Glaucoma is a group of eye diseases in which the optic nerve, which connects your eye to your brain, is damaged by the pressure of the fluid inside your eye.  This may be because the pressure is higher than normal, or because the nerve is more susceptible to damage from pressure.  This may affect one or both of your eyes.

Because you often cannot feel the pressure, and the damage happens slowly, you may not know you have glaucoma until a lot of damage has been done.  That damage cannot be put right, so it is particularly important that you find out early.  The best way to make sure of this is to have a regular eye examination with an optometrist.  If you are at risk of developing glaucoma, you should have an eye examination at least every two years, or more often if your optometrist recommends it.

If you have glaucoma but do not treat it, your eyesight will gradually get worse, and you could eventually go blind.  The good news is that treatment with eye drops may stop it getting worse.

The risk of glaucoma increases with age and if there is a history of glaucoma in your immediate family.




Floaters look like small, dark spots or strands that appear to float in front of your eyes.  Floaters are very common and are normally harmless.  They are more common if you are short sighted or as you get older.

Some people  see flashes of light.  These can be due to movement of the gel inside the eye.

Very occassionally, flashes or an increase in floaters can be a sign of a retinal detachment, which needs treating as soon as possible. This is more common as you get older, or in people who are short sighted or have had eye surgery.




The macular is an area at the back of your eye that you use for seeing fine detail such as reading a book.  Macular degeneration (MD) covers a number of conditions which affect the macula.  The conditions affect your ability to do certain tasks such as reading and watching television, but do not affect your ability to walk around as your side vision is not affected.

The two main types of MD are wet and dry.  Dry is the most common type which usually develops slowly and can lead to the loss of central vision.  Wet is caused by leakage of weak blood vessels damaging the macular area.  It can cause a rapid loss of vision, but can be treated if detected early enough.

One of the most common symptoms of Wet MD is noticing that straight lines appear wavy.  You may not notice this if it happens in one eye as your other eye will compensate, so it is important to regularly check your vision in each eye separately.  You can do this by looking with each eye separately at the straight lines on a door frame or venetian blind.  If you notice the lines are distorted, you should see your optometrist straight away.

Some people with sight loss experience hallucinations because of problems with their eye sight.  This is known as Charles Bonnet Syndrome.  Many worry unnecessarily that there is something wrong with their mind.  The hallucinations can be as simple as lights, colours or geometrical shapes, or some people may see faces, animals or vivid scenes.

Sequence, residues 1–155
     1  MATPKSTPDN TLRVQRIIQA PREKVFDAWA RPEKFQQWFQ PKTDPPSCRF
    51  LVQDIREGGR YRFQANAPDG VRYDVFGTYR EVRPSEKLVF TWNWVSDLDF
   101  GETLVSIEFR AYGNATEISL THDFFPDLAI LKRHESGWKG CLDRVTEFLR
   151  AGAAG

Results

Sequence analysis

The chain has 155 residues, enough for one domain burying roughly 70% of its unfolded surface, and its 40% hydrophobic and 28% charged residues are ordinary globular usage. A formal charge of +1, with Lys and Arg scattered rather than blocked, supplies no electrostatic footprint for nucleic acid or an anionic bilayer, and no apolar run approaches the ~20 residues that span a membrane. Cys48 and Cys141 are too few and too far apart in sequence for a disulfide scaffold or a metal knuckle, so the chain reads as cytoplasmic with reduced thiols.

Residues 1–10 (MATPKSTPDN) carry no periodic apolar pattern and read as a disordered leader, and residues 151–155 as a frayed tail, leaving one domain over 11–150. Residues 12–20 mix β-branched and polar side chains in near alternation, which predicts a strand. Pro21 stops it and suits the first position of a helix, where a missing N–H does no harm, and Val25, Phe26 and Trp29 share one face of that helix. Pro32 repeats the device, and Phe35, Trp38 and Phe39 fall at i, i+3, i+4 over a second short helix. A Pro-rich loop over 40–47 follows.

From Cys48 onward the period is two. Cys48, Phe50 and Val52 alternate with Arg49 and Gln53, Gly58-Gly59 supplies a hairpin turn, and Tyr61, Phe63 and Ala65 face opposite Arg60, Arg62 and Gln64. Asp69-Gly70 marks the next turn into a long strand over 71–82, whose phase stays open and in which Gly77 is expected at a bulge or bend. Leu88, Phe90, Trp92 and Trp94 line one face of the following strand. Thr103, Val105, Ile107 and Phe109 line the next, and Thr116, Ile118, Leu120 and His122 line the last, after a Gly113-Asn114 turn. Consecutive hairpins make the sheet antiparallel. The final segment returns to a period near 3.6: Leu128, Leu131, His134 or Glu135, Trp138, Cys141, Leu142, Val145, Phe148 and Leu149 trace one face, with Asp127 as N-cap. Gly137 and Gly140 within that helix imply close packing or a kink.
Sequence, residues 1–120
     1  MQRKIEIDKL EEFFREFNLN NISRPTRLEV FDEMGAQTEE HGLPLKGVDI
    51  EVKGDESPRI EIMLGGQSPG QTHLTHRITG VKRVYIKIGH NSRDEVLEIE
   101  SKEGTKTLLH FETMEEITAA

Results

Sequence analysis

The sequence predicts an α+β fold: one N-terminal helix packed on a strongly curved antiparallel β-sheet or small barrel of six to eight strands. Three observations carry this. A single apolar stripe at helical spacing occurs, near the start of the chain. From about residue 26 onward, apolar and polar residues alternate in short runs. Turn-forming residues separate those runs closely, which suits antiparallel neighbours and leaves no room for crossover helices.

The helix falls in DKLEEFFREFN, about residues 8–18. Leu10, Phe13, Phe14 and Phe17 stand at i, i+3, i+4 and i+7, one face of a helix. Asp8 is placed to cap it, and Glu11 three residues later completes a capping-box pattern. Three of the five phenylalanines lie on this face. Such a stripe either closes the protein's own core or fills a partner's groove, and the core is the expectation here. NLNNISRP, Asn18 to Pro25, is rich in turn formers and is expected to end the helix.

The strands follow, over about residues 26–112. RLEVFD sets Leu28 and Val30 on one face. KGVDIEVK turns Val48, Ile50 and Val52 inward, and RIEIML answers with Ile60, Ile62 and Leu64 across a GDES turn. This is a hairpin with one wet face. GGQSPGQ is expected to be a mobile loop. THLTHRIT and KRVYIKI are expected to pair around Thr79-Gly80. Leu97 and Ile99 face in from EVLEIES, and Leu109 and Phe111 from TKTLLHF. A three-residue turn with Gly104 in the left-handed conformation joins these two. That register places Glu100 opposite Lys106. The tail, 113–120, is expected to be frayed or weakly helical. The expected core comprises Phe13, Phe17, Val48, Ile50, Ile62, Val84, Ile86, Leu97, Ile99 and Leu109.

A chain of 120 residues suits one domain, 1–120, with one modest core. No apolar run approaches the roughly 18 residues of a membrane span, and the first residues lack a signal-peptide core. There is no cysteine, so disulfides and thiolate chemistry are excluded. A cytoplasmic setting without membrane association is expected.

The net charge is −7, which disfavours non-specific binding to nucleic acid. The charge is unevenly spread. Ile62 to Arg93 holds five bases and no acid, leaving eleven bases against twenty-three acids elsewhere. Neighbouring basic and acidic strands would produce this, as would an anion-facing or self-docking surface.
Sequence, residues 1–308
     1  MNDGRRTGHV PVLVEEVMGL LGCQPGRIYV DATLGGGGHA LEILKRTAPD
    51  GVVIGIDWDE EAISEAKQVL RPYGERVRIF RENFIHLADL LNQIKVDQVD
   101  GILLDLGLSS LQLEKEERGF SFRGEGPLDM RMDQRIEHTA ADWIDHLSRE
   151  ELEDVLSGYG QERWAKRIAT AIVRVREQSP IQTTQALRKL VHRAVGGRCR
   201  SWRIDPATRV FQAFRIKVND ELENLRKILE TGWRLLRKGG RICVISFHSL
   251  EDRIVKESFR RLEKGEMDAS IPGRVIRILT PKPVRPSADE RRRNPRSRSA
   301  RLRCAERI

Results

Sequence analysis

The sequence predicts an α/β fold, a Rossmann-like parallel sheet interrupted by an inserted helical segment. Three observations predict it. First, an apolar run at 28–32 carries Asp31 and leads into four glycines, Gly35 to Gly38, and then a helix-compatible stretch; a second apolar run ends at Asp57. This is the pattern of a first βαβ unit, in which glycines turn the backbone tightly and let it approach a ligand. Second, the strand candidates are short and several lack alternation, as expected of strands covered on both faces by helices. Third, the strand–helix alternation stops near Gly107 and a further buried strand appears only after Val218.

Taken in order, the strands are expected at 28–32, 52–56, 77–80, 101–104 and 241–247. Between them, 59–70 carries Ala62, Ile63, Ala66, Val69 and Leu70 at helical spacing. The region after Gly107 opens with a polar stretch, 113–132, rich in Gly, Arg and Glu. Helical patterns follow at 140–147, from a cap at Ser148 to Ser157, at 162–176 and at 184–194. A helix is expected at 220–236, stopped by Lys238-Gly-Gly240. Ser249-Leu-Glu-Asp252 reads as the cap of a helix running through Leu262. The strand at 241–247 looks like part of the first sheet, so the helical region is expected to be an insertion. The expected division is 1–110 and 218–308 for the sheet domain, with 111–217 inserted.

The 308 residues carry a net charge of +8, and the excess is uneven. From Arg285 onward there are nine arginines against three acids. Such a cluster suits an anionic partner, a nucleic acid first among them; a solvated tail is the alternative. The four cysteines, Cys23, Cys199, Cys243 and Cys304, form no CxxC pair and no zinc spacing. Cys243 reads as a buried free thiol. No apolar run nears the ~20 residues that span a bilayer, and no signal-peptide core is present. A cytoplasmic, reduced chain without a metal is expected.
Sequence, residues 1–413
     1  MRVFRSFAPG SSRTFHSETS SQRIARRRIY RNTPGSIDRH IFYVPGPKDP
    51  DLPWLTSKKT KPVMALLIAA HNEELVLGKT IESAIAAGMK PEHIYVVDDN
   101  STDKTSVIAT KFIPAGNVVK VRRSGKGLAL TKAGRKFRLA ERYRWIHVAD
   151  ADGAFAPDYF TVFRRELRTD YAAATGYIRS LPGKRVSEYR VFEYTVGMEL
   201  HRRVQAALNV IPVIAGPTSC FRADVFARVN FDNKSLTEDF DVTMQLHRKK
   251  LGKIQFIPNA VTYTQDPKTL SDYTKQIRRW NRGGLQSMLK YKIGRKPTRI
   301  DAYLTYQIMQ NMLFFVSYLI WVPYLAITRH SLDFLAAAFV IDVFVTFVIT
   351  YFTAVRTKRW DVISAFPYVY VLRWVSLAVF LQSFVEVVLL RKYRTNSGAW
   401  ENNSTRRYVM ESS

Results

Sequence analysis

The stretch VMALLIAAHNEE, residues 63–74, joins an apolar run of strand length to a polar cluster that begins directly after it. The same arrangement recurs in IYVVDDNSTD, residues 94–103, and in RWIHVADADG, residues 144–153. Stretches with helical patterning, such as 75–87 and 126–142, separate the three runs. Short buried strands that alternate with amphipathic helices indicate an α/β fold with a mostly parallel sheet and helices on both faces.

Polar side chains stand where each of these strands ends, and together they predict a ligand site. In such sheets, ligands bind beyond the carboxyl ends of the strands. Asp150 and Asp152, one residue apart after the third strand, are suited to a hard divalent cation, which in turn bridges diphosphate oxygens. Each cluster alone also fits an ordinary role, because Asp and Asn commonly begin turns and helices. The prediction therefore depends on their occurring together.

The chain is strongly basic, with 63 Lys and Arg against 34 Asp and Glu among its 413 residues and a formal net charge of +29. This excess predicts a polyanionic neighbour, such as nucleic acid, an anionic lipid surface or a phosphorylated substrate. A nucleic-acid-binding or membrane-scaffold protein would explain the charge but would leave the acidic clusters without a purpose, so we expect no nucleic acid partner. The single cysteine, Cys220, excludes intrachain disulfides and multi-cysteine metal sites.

Blepharitis is an inflammation of your eyelids.  It can make eyelids red and eyelashes crusty and make your eyes feel irritated or itchy.

It can affect your continuous tear production which causes burning, soreness or stinging in your eyes.  In severe cases, your lashes may fall out, and you can develop small ulcers or styes as well.  You may find your eyelids become puffy.  The symtoms tend to be worse in the morning and when you wake up you may find your lids are stuck together.

Blepharitis is a chronic (long-term) condition.  This means that once you have had it, it can come back even after it has cleared up.  It normally afects both eyes.  You can usually treat it by using warm compresses (e.g. Eye Doctor Eyelid Heat Masks), cleaning your lids and using lubricants and antibiotics if necessary.  You may need to do this for several months.




You get a cataract when the clear lens inside your eye becomes cloudy or misty.  This is a gradual process that usually happens as we get older.  It does not hurt.

The early stages of a cataract do not necessarily affect your sight.

The only proven treatment for a cataract is surgery.  If the cataract gets to the stage where it affects your sight, your optometrist wil refer you to hospital to have this done.  The surgery is carried out under a local anaesthetic and is very safe. Once you have had the cataract removed, it will not return.




There are two main parts of your eye which are responsible for focusing light onto your retina so that you can see clearly.  These are your cornea, which is the transparent dome-shaped part at the front of your eye which covers your iris, and the lens inside your eye.  The lens inside your eye changes shape to allow you to see things that are close to you.

As you get older the flexibility of the lens inside your eye reduces.  This means that you are less able to focus on things that are close to you, so you may need to have reading glasses.




Most children have excellent sight and do not need to wear glasses.

Some children may have vision screening done at school (between the ages of four and five).  However, the earlier any problems are picked up, the better the outcome.  If there are problems and they are not picked up at an early age, the child may have permanently reduced vision in one or both eyes.  If you have any concerns about your child's eyes, or if there is a history of squint or lazy eye in the family, do not wait for the vision screening at school.  Take your child to a local optometrist for a sight test.  This is free under the NHS for children under 16.

Your child does not have to be able to read or talk to have a sight test.




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